Fundraising Regulator – 7 Helpful Facts

By Andrew Cusdin | 24 March 2020

 

Earlier this year, Stewardship registered with the Fundraising Regulator. We thought we’d take this opportunity to share 7 helpful facts that we learnt when signing up to the Code of Fundraising Practice. Fundraising covers many different types of activities, from receiving gifts as a church, to undertaking special events like a sponsored walk and even talking to potential donors about legacies.

 

  1. By signing up with the Regulator, your Charity will be registered within the Fundraising Regulator directory, showing that you have committed to following the Code of Fundraising Practice. The code aims to:

 

  • Promote a consistent, high standard of fundraising
  • Make sure charitable institutions, their governing bodies and fundraisers know what is expected of them
  • Set out the standards we use when considering complaints
  • Provide benchmark for organisations and fundraisers to assess their practices against so they can identify necessary training and monitor and set policy priorities for their fundraising; and
  • Develop a culture of honesty, openness and respect between fundraisers and the public

 

  1. Once signed up with the Fundraising Regulator you are allowed to use the Fundraising Badge. The badge being displayed on your fundraising materials and website shows existing and potential donors that you are committed to good fundraising practices - a great endorsement to your charity.

 

  1. The Fundraising Regulator can investigate complaints into fundraising. Ideally, the first stage is for complainants to resolve their issue direct with the Fundraiser. Where the complainant is not satisfied with the response they can send the details to the regulator; the regulator will decide whether to take the case on. By taking on a case, they can help support an individual whose influence would be otherwise deemed unbalanced.

 

  1. The Fundraising Regulator can investigate fundraising complaints on any organisations, they are not restricted to those who are registered with the regulator, so all fundraisers should be aware of the code and endeavour to uphold its principles. The Fundraising Regulator will publish and name the fundraisers following all complaints investigated, these can be seen as a ‘name and shame’ practice. Their investigation will summarise the complaint, what happened, their decision, recommendations and outcome.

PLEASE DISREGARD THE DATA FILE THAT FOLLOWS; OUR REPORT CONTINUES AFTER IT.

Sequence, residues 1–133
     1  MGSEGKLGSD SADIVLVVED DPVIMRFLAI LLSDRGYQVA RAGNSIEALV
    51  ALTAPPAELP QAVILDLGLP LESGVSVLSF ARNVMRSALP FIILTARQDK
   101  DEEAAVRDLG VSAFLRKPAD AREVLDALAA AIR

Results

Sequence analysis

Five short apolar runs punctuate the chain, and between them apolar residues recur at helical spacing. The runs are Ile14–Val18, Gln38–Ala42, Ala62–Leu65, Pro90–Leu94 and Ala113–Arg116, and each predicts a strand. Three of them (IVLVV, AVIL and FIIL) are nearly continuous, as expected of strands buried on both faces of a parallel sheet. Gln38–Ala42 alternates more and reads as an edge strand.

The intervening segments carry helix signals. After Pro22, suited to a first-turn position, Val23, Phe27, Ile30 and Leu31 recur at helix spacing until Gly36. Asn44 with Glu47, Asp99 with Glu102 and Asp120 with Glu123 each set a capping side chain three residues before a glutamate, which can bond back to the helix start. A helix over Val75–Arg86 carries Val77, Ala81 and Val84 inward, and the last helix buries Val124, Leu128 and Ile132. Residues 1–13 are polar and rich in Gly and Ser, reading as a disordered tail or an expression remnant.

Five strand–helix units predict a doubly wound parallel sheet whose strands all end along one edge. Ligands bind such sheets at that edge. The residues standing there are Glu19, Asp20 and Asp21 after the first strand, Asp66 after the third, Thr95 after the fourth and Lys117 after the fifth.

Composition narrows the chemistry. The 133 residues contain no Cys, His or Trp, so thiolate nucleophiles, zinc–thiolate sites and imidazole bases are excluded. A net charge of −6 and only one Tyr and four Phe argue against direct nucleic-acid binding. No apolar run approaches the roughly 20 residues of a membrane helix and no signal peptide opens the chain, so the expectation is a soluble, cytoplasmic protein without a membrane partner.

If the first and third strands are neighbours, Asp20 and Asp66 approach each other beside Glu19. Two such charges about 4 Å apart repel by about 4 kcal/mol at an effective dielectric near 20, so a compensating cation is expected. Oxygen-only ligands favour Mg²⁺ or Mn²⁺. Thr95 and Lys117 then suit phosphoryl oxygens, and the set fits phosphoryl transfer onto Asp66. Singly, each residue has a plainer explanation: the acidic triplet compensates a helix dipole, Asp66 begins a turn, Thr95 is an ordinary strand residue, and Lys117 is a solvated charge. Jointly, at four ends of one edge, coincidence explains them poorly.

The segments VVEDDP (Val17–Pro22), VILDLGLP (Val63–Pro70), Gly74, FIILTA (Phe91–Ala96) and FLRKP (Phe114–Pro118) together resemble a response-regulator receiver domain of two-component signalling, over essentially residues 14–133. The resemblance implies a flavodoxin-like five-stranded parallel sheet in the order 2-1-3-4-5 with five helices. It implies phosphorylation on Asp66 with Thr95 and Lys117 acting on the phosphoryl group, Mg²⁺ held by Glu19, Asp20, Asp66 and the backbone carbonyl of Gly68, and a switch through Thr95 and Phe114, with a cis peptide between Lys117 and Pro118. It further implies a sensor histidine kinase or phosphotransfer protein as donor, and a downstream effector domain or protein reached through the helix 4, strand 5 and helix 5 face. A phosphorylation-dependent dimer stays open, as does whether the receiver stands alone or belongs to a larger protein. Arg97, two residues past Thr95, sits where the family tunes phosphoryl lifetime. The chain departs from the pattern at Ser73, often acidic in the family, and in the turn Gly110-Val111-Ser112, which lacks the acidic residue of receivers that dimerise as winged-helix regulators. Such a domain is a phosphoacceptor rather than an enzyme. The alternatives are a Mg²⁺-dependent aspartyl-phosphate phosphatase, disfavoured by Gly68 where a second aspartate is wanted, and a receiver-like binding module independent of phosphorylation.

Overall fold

1. The fundraising code provides some really useful information to fundraisers about handling donors who are in vulnerable circumstances, ensuring that all donors are treated fairly and gives guidance on when donations should be refused or returned.

 

  1. In terms of Legacies, the code highlights that this area can be perceived as a sensitive area of fundraising. The code therefore sets clear and helpful boundaries for charities in this area, including the various ways to approach potential legators, for example in face-to-face meetings and written communications.

 

  1. The Fundraising Regulator oversees the Fundraiser Preference Service. This service allows the public to control any direct marketing communications that that they receive from fundraising organisations. The public can choose to stop receiving emails, telephone calls, addressed post and text messages from a selected charity(s). In the past the Fundraising Regulator has reported charities who have not acted upon these requests to the Information Commissioner’s Office (ICO), who have the power to fine these organisations.

 

We hope you found this article useful. You can sign up with the Fundraising Regulator from as little as £50 per year for a small charity. Full details are on their webpage.


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Fundraising Regulator

 

Posted by Andrew Cusdin

Andrew Cusdin is Stewardship’s Compliance, Assurance & Risk Manager.

He loves embedding and refreshing policies within Stewardship and brings them to life by educating and supporting the team.

Currently his favourite motto is: “In God I Trust; everybody else, I audit!” He loves swimming and walking, and ice-cream is his Achilles’ heel.

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